Who Is Muhammad Yunus?
Muhammad Yunus is a professor of economics who was awarded the 2006 Nobel Prize in Economic Sciences for his efforts in developing social and economic improvements through microcredit and microloan operations. Most notably, Yunus founded the Grameen Bank, which is known for loaning billions of dollars to impoverished people all over the world.
- Muhammad Yunus is an economist, microfinancing pioneer, and founder of the grassroots Grameen Bank, known for loaning billions to impoverished people all over the world.
- While teaching economics in his native Bangladesh, Yunus became aware of the extreme poverty in the country and the refusal of banks to offer credit to poor people.
- He responded by lending them the money himself, confident that the very poorest could raise their own small business activity and their station with very small loans.
Understanding Muhammad Yunus
Yunus, who has since gone on to win numerous prestigious awards and accolades for his work, believes that credit is a basic human right. After years of studying and teaching economics academically, he took an active interest in poverty. His goal was to help people escape economic hardship by supplying them with affordable loans and a simple guide to managing their finances.
Over the years, Yunus has also written several books, including: Building Social Business: The New Kind of Capitalism that Serves Humanity's Most Pressing Needs, Banker To The Poor: Micro-Lending and the Battle Against World Poverty, A World of Three Zeros: The New Economics of Zero Poverty, Zero Unemployment and Zero Net Carbon Emissions, and Creating a World Without Poverty: Social Business and the Future of Capitalism.
History of Muhammad Yunus
Born in Bangladesh on June 28, 1940, Yunus completed his BA and MA at Bangladesh's Dhaka University. After graduating, he taught economics at Chittagong University, before receiving a Fulbright scholarship to study in the United States.
In the early 1970s, Yunus completed his PhD in economics at Vanderbilt University. Following his studies, Yunus returned to Bangladesh to become the head of Chittagong University's economics department.
Banker to the Poor
Around the time of Yunus' return to Bangladesh, a famine had swept through the country. He became aware that the poor needed access to capital to start small businesses and that banks generally weren't willing to help them, either refusing requests outright or charging extortionate interest rates.
In 1976, Yunus took matters into his own hands, loaning very small sums of money, reportedly $27, to 42 local women who needed to buy materials to produce their products. Traditional banks wouldn’t offer loans or lines of credit to people without collateral, yet Yunus believed that the very poorest of a culture could raise their own small business activity and their station with microcredit and microloans.
It was this "discovery" of microcredit that would lead him toward the beginnings of forming the Grameen bank and his future Nobel Prize. Yunus began borrowing money from other banks to make loans to the poor, initially as part of a pilot program that ran from 1976 to 1983.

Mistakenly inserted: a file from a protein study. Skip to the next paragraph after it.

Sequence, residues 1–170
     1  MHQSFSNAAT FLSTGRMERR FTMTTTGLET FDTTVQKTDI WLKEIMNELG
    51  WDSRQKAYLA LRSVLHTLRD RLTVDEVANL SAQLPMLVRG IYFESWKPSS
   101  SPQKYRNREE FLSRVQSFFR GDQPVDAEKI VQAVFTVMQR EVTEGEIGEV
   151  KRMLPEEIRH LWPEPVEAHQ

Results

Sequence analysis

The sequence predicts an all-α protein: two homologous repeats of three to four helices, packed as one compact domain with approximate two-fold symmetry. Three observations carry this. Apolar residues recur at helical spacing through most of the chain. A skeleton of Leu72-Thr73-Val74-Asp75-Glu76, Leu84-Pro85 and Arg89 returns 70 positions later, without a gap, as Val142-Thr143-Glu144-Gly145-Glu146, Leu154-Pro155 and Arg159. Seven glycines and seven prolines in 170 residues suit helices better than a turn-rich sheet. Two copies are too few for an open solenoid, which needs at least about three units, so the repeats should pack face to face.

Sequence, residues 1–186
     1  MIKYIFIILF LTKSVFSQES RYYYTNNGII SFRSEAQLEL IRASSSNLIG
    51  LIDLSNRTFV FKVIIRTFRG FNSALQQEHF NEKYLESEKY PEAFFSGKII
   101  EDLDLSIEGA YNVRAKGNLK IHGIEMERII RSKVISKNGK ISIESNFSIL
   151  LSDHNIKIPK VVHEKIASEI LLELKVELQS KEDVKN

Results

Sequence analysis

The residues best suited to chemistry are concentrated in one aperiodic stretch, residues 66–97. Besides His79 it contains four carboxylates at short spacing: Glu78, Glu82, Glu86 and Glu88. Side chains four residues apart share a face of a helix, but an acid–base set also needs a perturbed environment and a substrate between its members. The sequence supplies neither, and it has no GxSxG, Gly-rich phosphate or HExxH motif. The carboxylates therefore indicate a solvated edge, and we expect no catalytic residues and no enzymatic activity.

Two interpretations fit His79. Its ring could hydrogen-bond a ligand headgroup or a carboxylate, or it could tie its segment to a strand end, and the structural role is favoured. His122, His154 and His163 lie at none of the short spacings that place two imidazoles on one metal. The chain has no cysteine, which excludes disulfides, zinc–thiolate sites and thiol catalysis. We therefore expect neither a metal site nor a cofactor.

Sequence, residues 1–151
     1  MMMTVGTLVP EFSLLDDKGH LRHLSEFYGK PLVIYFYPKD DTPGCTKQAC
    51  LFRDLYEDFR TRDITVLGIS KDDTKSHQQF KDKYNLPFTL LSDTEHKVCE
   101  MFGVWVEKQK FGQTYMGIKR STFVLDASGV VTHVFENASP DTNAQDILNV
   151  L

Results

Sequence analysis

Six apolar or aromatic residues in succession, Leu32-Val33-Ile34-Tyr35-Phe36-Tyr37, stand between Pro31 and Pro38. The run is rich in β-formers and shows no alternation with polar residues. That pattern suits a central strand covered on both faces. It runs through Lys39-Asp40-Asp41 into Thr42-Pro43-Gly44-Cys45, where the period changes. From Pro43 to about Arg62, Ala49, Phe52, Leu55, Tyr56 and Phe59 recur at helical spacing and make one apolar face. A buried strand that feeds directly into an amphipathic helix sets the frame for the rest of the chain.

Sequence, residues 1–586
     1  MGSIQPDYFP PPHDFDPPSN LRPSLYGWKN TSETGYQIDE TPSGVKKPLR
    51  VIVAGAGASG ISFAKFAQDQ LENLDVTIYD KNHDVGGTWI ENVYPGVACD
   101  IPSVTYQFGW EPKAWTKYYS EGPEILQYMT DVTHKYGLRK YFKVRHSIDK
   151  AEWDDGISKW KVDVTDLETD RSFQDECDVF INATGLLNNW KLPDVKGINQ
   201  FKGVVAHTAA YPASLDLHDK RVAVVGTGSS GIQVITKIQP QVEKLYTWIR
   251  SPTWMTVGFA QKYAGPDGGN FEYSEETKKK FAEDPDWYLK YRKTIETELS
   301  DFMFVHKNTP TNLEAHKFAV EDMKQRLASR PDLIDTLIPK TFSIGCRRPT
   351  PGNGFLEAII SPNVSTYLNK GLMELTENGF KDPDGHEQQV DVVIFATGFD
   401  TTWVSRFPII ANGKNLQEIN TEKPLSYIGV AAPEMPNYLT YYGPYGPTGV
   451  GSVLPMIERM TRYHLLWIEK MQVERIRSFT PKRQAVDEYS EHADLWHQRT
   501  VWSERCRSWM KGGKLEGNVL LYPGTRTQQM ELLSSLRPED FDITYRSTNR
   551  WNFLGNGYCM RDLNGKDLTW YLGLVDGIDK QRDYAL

In 1983, Yunus formally opened the Grameen (Village) bank, which served as a way to offer microcredit to entry-level and subsistence entrepreneurs. By the mid-2000s, it was estimated that Yunus has made billions of dollars worth of loans to some of the world's poorest people. Perhaps more importantly, Yunus' scheme and his promotion of microcredit led to the formation of hundreds of similar projects in nations around the globe.
The Grameen Bank today has roughly nine million borrowers, 97% of which are women, with a near-perfect repayment rate.
In 2006, Yunus became the first Bangladeshi to receive a Nobel Prize in any of the award disciplines. His country awarded a commemorative stamp to congratulate him. Yunus then pledged the $1.4 million in prize money to a company that wished to produce low-cost food for the poor, while using the rest to set up an eye hospital in his native community.
As Yunus' achievements spread, more accolades followed. In 2008, he was listed as the second most important global thinker in Foreign Policy magazine. Then in 2009 and 2010, he was awarded the Presidential Medal of Freedom and Congressional Gold Medal, respectively.
Yunus since went on to become the chancellor of Glasgow Caledonian University of Scotland. He was also invited to sit on the board of directors (B of D) at the United Nations Foundation, a charitable operation funded by a $1 billion donation from Ted Turner.
Criticism of Muhammad Yunus
Yunus' banking for the poor venture has come under attack from some quarters. Microfinance loans are said to carry unusually high interest rates, owing to a lack of collateral and the overheads associated with administering small loans.
Yunus himself has even admitted that some organizations may have abused the microcredit system for profit. Another issue that has been flagged is the huge jump in scale of microcredit. As it expanded all over the world, it became less likely that borrowers would be monitored and protected from falling deep into debt like before.